AUTHORLINK: Talk to me about your revision process when working with your editor. Any tips?
FRANK: I worked with one of the two gentlemen who run C&R Press. He had mild suggestions for slightly deepening a bit of dialogue or clarifying a detail. That suited me fine. My entire oeuvre comes from small presses, which usually cannot provide more than a thoughtful copyeditor. Thus: when work’s complete I usually ask one other trusted pair of eyes to absorb and comment on it. I reserve all rights to stand by what I’ve made.
AUTHORLINK: What advice would you offer to apprentice writers?
“To protect your tender writing-making guts, continuously toughen your skin.”
FRANK: I will be blunt here. The industry, as we’ve no choice but to call it, is harsh. Be—or become—very, very clear with yourself about why you must do it. Constantly clarify as best you can what you want for it, and for yourself. Repeatedly refresh this understanding. Make the very best work you can—but once it issues, groom and modify your expectations for it according to the industry’s landscape and weather. To protect your tender writing-making guts, continuously toughen your skin. What saves us from madness is to keep ingesting the beautiful works that nourish and inspire. I believe in Believers, and dare still call myself one.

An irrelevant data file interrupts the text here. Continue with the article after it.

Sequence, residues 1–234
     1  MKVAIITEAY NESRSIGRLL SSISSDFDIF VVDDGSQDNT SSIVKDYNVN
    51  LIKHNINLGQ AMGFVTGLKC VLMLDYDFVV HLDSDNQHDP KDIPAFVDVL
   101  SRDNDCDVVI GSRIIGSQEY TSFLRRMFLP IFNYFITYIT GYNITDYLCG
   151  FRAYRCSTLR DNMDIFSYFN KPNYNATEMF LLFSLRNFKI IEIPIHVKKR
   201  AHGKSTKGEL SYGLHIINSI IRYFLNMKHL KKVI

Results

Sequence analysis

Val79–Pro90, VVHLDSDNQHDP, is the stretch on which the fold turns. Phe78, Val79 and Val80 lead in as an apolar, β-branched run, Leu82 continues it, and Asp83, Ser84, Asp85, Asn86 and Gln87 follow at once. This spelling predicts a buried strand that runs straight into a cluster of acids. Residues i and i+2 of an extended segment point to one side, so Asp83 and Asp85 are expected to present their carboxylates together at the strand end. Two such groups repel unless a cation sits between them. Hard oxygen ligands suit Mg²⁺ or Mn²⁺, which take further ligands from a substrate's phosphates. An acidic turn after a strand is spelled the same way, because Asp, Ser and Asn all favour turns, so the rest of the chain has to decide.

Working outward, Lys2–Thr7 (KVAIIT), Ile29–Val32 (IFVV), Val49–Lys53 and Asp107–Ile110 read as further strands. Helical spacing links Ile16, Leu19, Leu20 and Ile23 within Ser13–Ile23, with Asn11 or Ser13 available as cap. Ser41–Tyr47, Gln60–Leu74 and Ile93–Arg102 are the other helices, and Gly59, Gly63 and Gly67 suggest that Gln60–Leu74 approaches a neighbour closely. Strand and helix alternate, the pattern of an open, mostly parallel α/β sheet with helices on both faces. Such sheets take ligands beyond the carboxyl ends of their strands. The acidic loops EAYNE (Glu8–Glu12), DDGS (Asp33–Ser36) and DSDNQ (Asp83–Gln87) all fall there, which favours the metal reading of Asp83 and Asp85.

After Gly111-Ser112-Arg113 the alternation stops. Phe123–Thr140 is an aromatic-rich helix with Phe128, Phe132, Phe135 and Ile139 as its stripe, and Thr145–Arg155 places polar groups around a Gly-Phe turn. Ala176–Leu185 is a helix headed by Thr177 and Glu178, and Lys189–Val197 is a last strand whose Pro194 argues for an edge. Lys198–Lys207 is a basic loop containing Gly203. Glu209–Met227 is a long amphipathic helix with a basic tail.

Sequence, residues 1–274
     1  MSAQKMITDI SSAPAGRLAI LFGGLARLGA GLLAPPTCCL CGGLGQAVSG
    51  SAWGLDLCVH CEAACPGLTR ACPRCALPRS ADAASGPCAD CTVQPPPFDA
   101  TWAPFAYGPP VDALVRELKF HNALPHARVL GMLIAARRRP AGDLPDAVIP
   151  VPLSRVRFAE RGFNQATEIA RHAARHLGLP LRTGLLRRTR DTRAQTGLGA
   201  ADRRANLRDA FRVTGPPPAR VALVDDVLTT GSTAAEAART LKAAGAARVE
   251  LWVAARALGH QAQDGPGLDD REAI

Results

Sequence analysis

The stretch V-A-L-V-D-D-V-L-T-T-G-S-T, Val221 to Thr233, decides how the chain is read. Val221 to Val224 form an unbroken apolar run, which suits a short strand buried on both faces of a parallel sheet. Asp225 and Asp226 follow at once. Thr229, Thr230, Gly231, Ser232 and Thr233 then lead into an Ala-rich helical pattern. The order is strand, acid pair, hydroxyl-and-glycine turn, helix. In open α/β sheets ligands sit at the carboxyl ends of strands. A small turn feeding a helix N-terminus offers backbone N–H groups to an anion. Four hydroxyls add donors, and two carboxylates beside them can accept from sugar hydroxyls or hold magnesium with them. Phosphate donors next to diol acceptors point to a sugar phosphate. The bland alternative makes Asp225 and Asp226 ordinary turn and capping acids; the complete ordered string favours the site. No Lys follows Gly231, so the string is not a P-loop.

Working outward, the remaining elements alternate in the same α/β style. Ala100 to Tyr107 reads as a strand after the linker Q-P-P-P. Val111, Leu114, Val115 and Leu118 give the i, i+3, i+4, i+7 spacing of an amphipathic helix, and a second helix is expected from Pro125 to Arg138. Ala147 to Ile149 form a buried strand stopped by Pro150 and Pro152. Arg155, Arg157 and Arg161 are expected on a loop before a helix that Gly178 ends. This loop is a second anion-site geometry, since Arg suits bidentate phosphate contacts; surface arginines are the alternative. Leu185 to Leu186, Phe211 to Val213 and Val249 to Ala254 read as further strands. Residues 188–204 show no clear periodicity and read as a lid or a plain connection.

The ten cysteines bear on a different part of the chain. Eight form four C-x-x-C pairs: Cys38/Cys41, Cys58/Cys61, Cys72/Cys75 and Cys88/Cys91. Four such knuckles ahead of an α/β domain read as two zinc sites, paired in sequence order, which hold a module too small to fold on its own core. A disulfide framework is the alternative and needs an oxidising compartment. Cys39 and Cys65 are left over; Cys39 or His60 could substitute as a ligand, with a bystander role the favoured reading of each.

AUTHORLINK: Discuss what you are working on now.
FRANK: Two possibles: one, a new collection of novellas (I have a collection now in the world called Where You’re All Going: Four Novellas, which won the Mary McCarthy Prize in Fiction from Sarabande Books.) The other I cannot speak about for superstitious notions. Thank you for asking these lovely questions.
About the Author:
Joan Frank (www.joanfrank.org) is the author of thirteen books of literary fiction and nonfiction. Her newest works are Juniper Street: a Novel, winner of the C&R Press Fiction Prize, and the essay collection Late Work: A Literary Autobiography of Love, Loss, and What I Was Reading, from the University of New Mexico Press. A MacDowell Fellow and recipient of many honors and awards, Joan also reviews literary fiction and nonfiction for the Washington Post, Boston Globe, and other venues. She lives in California’s North Bay Area.